Your partner should keep an eczema diary.

Rate every day one to three stars. One star is a day better than the day before, three stars is a day worse than the day before, and two stars is "about the same".

Write down in the diary what they ate that day. Be specific, down to ingredients. Do not write down "vegetable oil", write down what kind of oil(s). If the product isn't specific (many cheaper snack foods do not specify), don't eat it, this is really important. Note that this makes eating at some restaurants difficult. Choose places with simple ingredients if you eat out frequently.

Also write down other things that might be relevant. Perfume or cosmetics. Medications taken. What kinds of fabrics touched the skin. Was laundry done. What skin products were used. How much sun exposure.

Also write down emotional stressors, perhaps just simplified as mood: good, fair, bad. Also note where she is in her menstrual cycle.

If there's something she does generally do or eat every day (like have toast, or drink milk), be sure to change that up: go a week without, and see how that affects.

Do this diary keeping for a month. Look for patterns in the stars, correlating with things written in the diary the previous day or two. Then start cutting out things that correlate more strongly with three star (bad) days. Keep the diary for more months.

Yes I know it is a colossal pain in the arse to keep a diary. (There are some smartphone apps that can help though, you can use food trackers that allow you to enter your own items: add lines for clothing, cosmetics, soaps, etc.)

This is, more or less, how I have managed to control my diet-related skin sensitivities, by more-or-less diligently monitoring everything I put in (or on) my body and paying attention to how it makes me react. My diary is in my head now and when I get a flare-up I look back over the last day or two and think: "hmm, what did I do differently?" and then I can learn something from that.

I wish it was easier. I wish we could just hook our bodies up to an "engine analyzer" which would describe exactly what the problem is. The next best thing is creating a diary of correlation.

Good luck to her!
posted by seanmpuckett at 4:50 AM on February 12, 2013 [2 favorites]


Have you tried sulfur soap or cream? You can get both over the counter, and I have a friend whose eczema got so much better after she started washing with that.
posted by punchtothehead at 5:33 AM on February 12, 2013


Lots of good advice above, here's just a note about Vaseline: If you rub it on wet skin it absorbs MUCH better, and doesn't have that drying effect when it wears off.
posted by glasseyes at 5:38 AM on February 12, 2013


I just completed an elimination diet to determine what I was allergic to. I was absolutely SHOCKED at the results.

I had been experiencing digestive problems and rashes for so long, I thought that was normal.

The diet was a PITA to do, but I hung in there. Here's what I discovered that I'm sensitive to:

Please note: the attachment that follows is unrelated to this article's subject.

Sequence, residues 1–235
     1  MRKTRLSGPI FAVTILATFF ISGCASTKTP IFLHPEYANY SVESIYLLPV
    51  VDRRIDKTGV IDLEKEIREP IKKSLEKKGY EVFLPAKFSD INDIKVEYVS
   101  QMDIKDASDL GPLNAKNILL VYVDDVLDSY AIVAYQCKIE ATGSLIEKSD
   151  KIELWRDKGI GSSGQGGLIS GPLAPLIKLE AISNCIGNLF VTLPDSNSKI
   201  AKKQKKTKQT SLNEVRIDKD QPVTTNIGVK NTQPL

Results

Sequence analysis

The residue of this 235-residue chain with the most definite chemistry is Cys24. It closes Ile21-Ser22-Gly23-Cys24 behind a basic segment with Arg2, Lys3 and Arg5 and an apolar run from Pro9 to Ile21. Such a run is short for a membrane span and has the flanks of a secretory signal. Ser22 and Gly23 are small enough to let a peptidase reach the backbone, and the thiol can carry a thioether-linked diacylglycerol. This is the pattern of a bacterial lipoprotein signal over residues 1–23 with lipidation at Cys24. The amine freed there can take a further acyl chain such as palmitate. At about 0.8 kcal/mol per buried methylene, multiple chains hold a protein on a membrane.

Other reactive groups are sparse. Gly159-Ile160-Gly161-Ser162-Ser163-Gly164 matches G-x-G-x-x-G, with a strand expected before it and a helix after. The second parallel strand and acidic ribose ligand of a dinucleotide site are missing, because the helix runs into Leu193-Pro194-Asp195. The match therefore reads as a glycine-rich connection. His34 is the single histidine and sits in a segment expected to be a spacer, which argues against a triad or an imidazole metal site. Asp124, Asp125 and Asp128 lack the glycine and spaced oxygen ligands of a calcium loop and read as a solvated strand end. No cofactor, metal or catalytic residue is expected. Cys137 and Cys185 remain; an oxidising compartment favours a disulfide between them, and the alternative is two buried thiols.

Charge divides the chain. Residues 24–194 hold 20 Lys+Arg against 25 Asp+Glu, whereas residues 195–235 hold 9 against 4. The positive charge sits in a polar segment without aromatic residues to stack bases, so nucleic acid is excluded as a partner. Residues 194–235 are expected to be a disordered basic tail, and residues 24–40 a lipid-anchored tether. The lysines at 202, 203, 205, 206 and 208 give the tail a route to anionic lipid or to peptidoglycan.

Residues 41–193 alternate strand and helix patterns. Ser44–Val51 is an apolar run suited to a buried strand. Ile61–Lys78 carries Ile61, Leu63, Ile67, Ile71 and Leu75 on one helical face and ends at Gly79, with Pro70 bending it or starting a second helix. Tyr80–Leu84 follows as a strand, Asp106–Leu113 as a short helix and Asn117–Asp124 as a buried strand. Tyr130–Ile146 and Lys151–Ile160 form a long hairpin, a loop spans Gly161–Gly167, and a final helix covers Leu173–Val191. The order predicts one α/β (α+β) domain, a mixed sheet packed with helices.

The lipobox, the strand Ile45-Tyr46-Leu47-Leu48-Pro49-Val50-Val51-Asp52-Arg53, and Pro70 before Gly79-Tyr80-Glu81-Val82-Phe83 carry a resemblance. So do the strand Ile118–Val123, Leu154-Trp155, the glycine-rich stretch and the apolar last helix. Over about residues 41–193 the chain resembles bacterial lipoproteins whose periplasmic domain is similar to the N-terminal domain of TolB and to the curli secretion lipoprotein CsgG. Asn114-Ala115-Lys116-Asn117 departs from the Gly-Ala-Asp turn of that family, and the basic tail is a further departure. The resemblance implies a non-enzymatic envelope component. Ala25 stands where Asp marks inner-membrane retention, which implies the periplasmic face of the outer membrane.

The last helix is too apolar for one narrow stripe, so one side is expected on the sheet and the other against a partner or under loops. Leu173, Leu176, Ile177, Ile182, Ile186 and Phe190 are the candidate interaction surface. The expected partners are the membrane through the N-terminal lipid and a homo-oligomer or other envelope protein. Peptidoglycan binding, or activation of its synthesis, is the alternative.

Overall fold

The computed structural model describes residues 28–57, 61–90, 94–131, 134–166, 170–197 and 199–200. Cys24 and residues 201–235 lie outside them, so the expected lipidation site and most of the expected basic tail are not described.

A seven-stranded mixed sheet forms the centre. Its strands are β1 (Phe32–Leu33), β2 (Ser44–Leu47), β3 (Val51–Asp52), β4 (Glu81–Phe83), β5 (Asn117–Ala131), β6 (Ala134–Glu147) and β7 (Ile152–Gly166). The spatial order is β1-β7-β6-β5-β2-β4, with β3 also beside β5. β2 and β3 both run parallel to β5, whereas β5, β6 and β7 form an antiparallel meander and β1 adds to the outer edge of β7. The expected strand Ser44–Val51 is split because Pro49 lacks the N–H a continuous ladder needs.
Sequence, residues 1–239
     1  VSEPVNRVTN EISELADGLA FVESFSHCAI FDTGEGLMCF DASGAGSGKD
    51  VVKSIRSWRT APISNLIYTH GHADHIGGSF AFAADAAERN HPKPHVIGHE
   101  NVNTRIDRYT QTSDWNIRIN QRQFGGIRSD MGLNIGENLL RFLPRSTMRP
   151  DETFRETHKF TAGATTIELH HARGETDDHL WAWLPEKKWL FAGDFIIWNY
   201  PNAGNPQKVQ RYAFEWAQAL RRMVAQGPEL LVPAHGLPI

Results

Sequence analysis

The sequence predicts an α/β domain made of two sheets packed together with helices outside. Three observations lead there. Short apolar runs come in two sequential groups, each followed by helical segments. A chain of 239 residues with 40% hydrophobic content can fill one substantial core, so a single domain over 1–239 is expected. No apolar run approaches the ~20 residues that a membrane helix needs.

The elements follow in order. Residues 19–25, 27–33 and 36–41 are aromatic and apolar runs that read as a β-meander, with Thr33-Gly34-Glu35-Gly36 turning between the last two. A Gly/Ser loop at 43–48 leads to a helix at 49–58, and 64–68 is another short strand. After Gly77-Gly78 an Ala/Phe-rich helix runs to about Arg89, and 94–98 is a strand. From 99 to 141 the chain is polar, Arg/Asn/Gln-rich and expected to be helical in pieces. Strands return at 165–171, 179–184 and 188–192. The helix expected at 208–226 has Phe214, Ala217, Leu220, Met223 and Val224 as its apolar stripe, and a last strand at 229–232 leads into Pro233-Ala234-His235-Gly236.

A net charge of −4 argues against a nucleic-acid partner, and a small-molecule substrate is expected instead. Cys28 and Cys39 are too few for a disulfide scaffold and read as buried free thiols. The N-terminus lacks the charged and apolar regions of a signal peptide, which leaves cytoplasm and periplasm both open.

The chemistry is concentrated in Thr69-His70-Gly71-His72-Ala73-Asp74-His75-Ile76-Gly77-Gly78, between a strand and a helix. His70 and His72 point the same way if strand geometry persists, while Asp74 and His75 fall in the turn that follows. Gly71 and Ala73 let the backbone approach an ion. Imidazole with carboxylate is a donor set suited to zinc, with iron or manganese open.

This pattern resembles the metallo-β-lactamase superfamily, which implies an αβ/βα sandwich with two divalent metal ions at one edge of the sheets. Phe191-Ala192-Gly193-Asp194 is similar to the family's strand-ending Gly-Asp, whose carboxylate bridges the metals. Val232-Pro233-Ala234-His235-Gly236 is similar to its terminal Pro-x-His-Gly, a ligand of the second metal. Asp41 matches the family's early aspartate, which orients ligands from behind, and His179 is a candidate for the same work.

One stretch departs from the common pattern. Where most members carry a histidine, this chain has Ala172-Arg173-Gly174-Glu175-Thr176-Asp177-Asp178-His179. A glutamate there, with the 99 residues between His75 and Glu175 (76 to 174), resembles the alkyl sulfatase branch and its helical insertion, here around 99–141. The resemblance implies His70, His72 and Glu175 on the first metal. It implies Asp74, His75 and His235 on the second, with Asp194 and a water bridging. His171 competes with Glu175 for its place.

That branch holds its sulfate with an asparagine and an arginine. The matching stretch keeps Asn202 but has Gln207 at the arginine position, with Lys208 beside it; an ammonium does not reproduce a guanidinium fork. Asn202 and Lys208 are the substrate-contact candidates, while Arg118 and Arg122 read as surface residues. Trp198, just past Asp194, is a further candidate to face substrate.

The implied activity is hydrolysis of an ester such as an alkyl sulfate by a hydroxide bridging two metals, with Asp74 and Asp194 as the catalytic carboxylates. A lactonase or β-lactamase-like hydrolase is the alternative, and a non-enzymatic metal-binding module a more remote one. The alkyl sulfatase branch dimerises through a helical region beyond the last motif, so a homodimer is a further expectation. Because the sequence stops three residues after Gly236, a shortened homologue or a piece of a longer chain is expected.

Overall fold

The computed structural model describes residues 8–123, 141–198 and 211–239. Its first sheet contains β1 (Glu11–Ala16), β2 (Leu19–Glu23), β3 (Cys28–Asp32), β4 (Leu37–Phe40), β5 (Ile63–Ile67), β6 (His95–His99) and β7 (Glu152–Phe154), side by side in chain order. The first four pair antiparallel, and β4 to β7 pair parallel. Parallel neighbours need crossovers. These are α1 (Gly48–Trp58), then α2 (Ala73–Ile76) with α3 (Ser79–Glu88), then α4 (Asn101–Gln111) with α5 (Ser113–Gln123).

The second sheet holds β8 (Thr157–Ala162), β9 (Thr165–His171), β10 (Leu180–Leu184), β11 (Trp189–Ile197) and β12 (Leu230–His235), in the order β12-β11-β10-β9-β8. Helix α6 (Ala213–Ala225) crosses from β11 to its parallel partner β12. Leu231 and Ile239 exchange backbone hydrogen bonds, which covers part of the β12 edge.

Wheat/gluten
Eggs
Chocolate

Color me astounded. I'm 50 and I had been feeling run-down, blah and foggy for about a decade. Thought it was aging.

Chocolate was responsible for the rash. Eggs and Wheat were responsible for the unpredicable colon. (good times)

I've eliminated these foods from my diet and I feel a bazillion times better and my itchiness has cleared up.

It costs nothing to do an elimination diet, and it will catch sensitivities that full scale food alergy testing may not. (I had been tested for Celiac, and I don't have that.)

Just a thought.
posted by Ruthless Bunny at 6:33 AM on February 12, 2013


Nthing allergy testing for your partner, and maybe trying an elimination diet to discover if there's any food triggers? My eczema is caused by a wheat allergy, and flares within about 12 hours of eating wheat. If you consider allergy testing, be aware that skin testing isn't necessarily always accurate and can be affected by certain medications (according to the allergist I saw). It wasn't effective for me because I was an SSRI at the time, and I had a blood test that was confirmed with getting rid of wheat in my diet. Good luck!
posted by snowysoul at 6:33 AM on February 12, 2013


I only write from my own experience having had what I consider extreme eczema (to the point of raw, weeping skin) for a couple of years a while back, but would advise:

- Normal advice applies: get lots of sleep, eat well and avoid processed foods, be active. Get properly tested for allergies. Although I should add allergy tests conducted by a dermatologist did not yield the magic answers for me.

- Don't go about changing everything all at once. I changed from feather to non-feather pillows, changed my diet, my detergent and several other things. With each one I was sure that I was eliminating something problematic and got frustrated when perceived improvements proved temporary or didn't come. If you want to go down the route of cutting things out, do so systematically and one at a time or it's not much better than hocus pocus.

- That said, alcohol and cigarettes are not an eczema sufferer's friend, and neither are the obvious things like heavily scented cosmetics, creams etc.